Marchers will be called upon to do more than just show up. Besides marching to let their voices be heard, attendees will also be encouraged to register to vote, fill out the 2020 US Census, and sign up to be poll monitors and poll workers for the upcoming November elections, reports CNN.
The march’s permit allows for 100,000 people, which is the number event organizers are planning for.
Coronavirus safety precautions will be in full effect. Holding mass gatherings in the time of COVID-19 is always a challenge, but the march’s organizers have gone to great lengths to make sure marchers can maintain a safe social distance and that the march complies with all local public health regulations. Face masks for marchers will be required and hand sanitizer, gloves, and masks will also be provided on-site. People will only be granted entry to the site once they have had their temperature checked and are wearing a face mask.
The March on Washington 2020 kicks off at the Lincoln Memorial today, August 28, 2020, at 7 a.m. ET. A preprogram will run from 8 a.m. to 11 a.m. At 11 a.m. is when the majority of speeches will begin. Speakers will include civil rights leaders and members of families impacted by racial injustice. The march itself officially begins at 1 p.m. It runs from the Lincoln Memorial to the Martin Luther King Jr. Memorial. The march is scheduled to conclude around 3 p.m. (all times local).
The Chinese electric-vehicle manufacturer Xpeng has raised $1.5 billion in its initial public offering today.
Shares were priced at $15 each, but opened at $23.10. The stock climbed to close to $25 and closed at $21.39.
The Alibaba-backed company joins white-hot EV stocks, such as China-based Li Auto, which raised an estimated $1.1 billion in its July 30 IPO, and Phoenix’s Nikola, which boasted a $12 billion IPO on June 4.
Xpeng’s ticker on the New York Stock Exchange is XPEV.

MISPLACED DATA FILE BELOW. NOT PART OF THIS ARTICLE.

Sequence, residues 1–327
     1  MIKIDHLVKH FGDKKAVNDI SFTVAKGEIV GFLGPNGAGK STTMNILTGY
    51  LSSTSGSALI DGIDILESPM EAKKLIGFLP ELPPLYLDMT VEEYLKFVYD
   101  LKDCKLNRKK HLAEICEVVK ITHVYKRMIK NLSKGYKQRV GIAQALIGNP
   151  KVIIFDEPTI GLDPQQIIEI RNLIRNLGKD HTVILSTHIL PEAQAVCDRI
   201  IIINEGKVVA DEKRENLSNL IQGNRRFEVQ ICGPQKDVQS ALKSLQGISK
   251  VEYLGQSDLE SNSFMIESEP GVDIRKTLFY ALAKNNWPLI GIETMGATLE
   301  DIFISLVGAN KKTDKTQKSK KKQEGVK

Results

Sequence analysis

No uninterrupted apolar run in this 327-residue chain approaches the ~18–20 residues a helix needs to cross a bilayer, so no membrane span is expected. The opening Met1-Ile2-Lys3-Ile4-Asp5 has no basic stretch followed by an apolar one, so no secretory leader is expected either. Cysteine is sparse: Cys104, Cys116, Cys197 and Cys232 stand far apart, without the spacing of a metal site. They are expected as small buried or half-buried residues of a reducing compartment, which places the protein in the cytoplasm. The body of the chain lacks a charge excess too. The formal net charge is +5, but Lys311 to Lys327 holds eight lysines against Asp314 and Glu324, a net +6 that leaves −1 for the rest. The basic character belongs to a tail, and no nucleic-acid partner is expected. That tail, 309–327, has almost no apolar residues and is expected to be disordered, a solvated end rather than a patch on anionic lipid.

Founded in 2015, the company makes an SUV, called the G3, and a four-door sports sedan, the P7, with a price range of RMB150,000 to RMB300,000 (about $21,771 to $43,541), according to documents filed with the U.S. Securities and Exchange Commission. Xpeng had just under 3,700 employees in China and the United States, as of June 30.
“In order to optimize our customers’ mobility experience, we have strategically chosen to focus on developing full-stack autonomous driving technology and in-car intelligent operating system, as well as core vehicle systems, including powertrain and the electrical and electronic architecture, or the [electrical/electronic] architecture, in-house,” the company wrote.
The stock debut comes as U.S.-listed Chinese firms face additional scrutiny from Congress. In the wake of an accounting scandal earlier this year that decimated shares of Luckin Coffee, lawmakers have called for the delisting of China-based companies that fail to meet more stringent audit requirements.
The test, called the BinaxNOW COVID-19 Ag Card, has already been dubbed a “game changer” by the likes of Assistant Secretary for Health Dr. Brett Giroir. Here’s what you need to know:
How does it work?
To use BinaxNOW, you stick a nasal swab into the device, and a colored line will show up if results are positive for the coronavirus. The swab, by the way, is shorter than the nasopharyngeal Q-tip you may have heard of.
The test is linked to a free mobile app, which lets users whose results are negative for the coronavirus display a “digital health pass.”
What’s different about it?
BinaxNOW is an antigen test, meaning it detects proteins that are present on the surface of the coronavirus. This differs from the standard polymerase chain reaction test, which detects the genetic sequence of the virus itself. While antigen tests are considered less accurate than PCR tests, they’re much faster—PCR tests typically take days to return results, stymieing healthcare providers across the country, but BinaxNOW has a turnaround time of just 15 minutes.
Also, BinaxNOW is cheap, costing just $5 compared to $15-$50 for other rapid tests on the market.
This all matters because public health officials say rapid, widespread testing is critical to stopping COVID-19 and would be key to letting citizens safely go back to schools and offices. Abbott’s rapid testing quickly identifies infectious patients for containment, and its low-cost, mass-production capabilities ensure those who need tests get them.
Furthermore, BinaxNOW can be used theoretically anywhere since it requires no lab equipment, as opposed to lab-based PCR tests. This means it could be employed in places that lack medical resources, which could “democratize testing,” according to former FDA commissioner Scott Gottlieb.
How accurate is it?
According to Abbott, BinaxNOW has a correct positive diagnosis rate of 97.1% and a correct negative diagnosis rate of 98.5%, when used within the first seven days of symptoms.
When will I be able to get one?